Saturday 12 May 2018

Suspended Hostilities

Lifeboat Crew Yearning For An HR Department
AS writes: I was in touch with our, ahem,  friends at the Mail this week over the apparently trivial matter of the Whitby lifeboat "scandal". So, it seems, were quite a few others.
Anyway, this is the result of all our efforts.
Visit the page, visit the RNLI site. Read them and weep. It's like stumbling on a bank robbery gang's secret stash.
Once you've read what they're up to I hope that some of you at least, whatever your feelings on other matters, will let the RNLI know your views. The nub of it all is this:
Life saving at sea in the UK is carried out almost exclusively by unpaid volunteers, as it always has been.
 Sennen Cove Lifeboat Station
When I surfed a lot I stayed for long periods in Cornwall's Sennen Cove  and often  watched them, transfixed, as they forced their way out  in the middle of the night. But I was looking out from the bedroom of  a warm cottage behind the shed while below the boat was paused at the top of the slip by the red door like a hesitant, suddenly doubtful,  swimmer. The noise was constant, banshee, horror-film loud and  speech was impossible.
The men stood, tiny,  on deck while the boat searchlight, like a giant torch,  picked out the demented seas directly ahead that would tower over them as they reached the end of the slip. Nobody who has watched such chilling scenes can ever forget them. And then they launched, completely alone.
All of it takes place in a land where the  churchyards and cemeteries, like those of Cape Cod,  are filled with the multiple or mass graves of the people who have perished in these seas, including children by the score. Yet the sadness is offset by the pervasive knowledge of what these fishing communities, poor themselves, have been willing to do over centuries for the strangers of the waves. Sometimes the male voice choirs from these Cornish stations will give voice to the power and tragedy of what they do with short concerts in the boathouses, the old songs surging and falling in that Celtish way, like the sea itself.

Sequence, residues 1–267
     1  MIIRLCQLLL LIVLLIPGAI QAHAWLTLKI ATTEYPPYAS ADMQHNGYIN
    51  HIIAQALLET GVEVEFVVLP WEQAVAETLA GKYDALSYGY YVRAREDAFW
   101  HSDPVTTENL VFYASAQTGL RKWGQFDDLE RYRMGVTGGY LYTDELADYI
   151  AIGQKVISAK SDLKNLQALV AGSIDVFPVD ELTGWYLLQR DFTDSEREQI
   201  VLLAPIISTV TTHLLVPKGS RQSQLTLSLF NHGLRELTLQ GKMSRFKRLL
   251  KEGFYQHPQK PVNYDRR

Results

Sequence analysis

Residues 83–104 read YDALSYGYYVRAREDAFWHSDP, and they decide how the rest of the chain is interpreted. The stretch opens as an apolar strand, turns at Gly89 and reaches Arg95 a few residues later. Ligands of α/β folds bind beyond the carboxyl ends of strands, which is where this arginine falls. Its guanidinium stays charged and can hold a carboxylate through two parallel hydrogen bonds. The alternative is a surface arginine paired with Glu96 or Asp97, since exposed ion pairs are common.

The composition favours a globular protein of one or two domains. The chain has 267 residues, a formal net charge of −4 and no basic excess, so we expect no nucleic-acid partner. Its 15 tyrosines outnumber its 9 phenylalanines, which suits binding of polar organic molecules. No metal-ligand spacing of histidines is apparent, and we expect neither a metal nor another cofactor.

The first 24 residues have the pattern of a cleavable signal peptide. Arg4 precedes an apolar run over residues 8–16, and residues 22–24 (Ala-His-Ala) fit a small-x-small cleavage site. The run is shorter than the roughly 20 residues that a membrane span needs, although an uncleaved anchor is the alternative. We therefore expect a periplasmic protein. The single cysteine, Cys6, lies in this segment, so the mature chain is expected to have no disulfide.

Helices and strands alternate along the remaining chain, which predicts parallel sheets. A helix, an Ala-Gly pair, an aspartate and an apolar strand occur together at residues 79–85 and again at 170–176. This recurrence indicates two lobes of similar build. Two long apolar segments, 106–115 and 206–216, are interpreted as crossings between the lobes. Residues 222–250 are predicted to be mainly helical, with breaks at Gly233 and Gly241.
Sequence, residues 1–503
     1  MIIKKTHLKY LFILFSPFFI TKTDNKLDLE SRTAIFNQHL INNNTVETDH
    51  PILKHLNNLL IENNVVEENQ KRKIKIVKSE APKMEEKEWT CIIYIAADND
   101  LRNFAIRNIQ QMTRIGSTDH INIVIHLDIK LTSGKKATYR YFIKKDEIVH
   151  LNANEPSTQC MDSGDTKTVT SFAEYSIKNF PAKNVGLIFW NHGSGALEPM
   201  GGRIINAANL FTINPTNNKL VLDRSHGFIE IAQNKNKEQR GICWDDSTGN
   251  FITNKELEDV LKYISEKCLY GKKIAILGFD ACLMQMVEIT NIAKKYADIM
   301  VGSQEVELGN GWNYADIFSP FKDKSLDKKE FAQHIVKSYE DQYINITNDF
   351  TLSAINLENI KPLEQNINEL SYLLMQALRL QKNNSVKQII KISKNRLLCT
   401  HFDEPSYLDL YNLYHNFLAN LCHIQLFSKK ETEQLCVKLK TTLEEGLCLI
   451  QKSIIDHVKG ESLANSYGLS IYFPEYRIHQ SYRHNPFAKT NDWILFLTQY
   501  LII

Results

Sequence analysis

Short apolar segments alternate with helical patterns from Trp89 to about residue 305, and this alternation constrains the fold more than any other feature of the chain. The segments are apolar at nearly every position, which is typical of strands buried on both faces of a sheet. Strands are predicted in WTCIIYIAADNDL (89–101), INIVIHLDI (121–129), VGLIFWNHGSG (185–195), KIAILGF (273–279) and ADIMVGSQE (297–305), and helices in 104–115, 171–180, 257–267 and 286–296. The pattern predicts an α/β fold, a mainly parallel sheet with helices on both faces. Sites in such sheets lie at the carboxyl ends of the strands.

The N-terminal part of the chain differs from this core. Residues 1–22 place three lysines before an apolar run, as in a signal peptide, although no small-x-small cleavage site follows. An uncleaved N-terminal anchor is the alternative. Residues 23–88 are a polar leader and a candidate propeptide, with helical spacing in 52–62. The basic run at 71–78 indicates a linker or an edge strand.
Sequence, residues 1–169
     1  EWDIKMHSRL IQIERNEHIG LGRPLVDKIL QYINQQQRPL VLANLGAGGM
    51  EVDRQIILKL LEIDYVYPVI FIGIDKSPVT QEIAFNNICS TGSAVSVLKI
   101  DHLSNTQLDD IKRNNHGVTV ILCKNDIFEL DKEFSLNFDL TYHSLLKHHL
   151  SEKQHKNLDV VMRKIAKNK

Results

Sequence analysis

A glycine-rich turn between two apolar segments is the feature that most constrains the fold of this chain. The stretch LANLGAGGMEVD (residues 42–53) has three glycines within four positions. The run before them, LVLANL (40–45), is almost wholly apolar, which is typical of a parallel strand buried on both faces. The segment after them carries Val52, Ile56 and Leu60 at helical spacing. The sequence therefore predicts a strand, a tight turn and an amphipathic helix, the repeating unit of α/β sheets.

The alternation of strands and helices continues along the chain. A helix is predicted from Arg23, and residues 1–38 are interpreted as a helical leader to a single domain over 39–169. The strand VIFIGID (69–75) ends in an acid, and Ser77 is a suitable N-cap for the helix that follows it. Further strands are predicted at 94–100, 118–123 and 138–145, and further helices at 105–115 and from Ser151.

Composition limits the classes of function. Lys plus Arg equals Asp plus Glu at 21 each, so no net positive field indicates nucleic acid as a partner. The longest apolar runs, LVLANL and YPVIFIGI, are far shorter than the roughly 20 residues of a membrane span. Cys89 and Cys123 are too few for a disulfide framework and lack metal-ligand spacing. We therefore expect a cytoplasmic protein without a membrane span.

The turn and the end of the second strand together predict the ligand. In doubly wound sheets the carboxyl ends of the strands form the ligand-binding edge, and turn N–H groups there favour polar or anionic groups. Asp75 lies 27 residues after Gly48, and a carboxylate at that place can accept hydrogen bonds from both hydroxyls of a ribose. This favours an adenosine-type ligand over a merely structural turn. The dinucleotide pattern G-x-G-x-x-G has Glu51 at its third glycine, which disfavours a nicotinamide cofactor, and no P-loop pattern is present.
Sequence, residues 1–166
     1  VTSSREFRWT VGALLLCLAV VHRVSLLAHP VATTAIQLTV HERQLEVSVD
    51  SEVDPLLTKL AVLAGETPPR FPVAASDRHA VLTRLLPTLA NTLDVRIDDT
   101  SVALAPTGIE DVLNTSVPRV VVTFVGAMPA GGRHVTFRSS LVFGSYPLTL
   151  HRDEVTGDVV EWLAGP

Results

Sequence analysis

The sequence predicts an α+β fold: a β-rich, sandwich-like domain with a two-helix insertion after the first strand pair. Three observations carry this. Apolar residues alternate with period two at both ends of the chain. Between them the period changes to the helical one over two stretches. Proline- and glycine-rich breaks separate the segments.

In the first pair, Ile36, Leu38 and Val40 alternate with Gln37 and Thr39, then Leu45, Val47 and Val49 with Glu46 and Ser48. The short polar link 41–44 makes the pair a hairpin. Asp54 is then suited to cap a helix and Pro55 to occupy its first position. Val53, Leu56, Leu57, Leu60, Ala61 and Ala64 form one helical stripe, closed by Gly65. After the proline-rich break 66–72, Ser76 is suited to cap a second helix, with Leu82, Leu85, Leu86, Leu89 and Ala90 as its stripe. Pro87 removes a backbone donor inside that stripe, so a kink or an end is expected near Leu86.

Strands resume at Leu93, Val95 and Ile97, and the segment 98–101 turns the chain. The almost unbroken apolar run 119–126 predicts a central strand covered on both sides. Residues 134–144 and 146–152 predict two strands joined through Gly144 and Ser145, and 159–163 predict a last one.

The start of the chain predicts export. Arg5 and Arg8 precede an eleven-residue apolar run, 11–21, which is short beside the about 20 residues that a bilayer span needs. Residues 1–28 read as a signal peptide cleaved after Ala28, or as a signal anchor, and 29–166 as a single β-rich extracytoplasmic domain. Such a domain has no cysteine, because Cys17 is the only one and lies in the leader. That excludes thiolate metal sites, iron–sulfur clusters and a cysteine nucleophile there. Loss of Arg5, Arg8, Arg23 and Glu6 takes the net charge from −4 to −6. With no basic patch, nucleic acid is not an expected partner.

It is a noble vocation. Perhaps the most noble of all.
Sennen Cove
The lifeboat station is on the right with the curved roof. Yes, they really do launch into seas like that. In the winter I've seen worse 
The RNLI makes a great fuss, when its agents hold their sweaty hands out, about its voluntary nature. They make no mention of the huge amounts of money - tens of millions annually - that the fund raisers take as their cut before it even reaches Bloat City.
Ideally, there shouldn't be any wage costs at all.  All right, it's not a perfect world - but £75 million in labour costs last year? £75 million?
The real reason for plugging the "volunteer" side is to get hold of your ackers. Then loads of people get their hands on it - money sticks as it goes round and round - but the lifesavers get nothing. They don't complain: they aren't in it for the money, inconceivable as that might be to charity "workers". But for a tiny group of superb people to drag along this bloated, stinking, dead-fish  tail behind them  is not just wrong but an insult to the communities and volunteers and the values that keep them going.
Personally, I said  I'll never support them again until I've seen evidence of change - the sort  that is slowly being forced on the other fatsos of the charity world, you know the ones behind  the darkened windows of the SUVs  you see throbbing along, the dust from their huge tyres whirling onto  the bony, half-starved tribespeople slumped down at the side of the road.
The beauty of withholding is - you won't hurt any of the lifesavers by doing so. You'll boost their morale. 
Go on, starve some of the fat cats out. Now, where were we?